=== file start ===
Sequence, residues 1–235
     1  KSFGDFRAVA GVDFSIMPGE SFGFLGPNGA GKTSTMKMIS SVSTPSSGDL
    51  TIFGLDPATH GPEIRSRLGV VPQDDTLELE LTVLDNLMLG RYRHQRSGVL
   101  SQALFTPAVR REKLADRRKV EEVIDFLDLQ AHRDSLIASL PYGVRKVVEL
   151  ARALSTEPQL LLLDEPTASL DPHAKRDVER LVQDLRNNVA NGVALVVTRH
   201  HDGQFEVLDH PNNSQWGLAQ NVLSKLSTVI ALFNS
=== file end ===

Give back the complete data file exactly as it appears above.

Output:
Sequence, residues 1–235
     1  KSFGDFRAVA GVDFSIMPGE SFGFLGPNGA GKTSTMKMIS SVSTPSSGDL
    51  TIFGLDPATH GPEIRSRLGV VPQDDTLELE LTVLDNLMLG RYRHQRSGVL
   101  SQALFTPAVR REKLADRRKV EEVIDFLDLQ AHRDSLIASL PYGVRKVVEL
   151  ARALSTEPQL LLLDEPTASL DPHAKRDVER LVQDLRNNVA NGVALVVTRH
   201  HDGQFEVLDH PNNSQWGLAQ NVLSKLSTVI ALFNS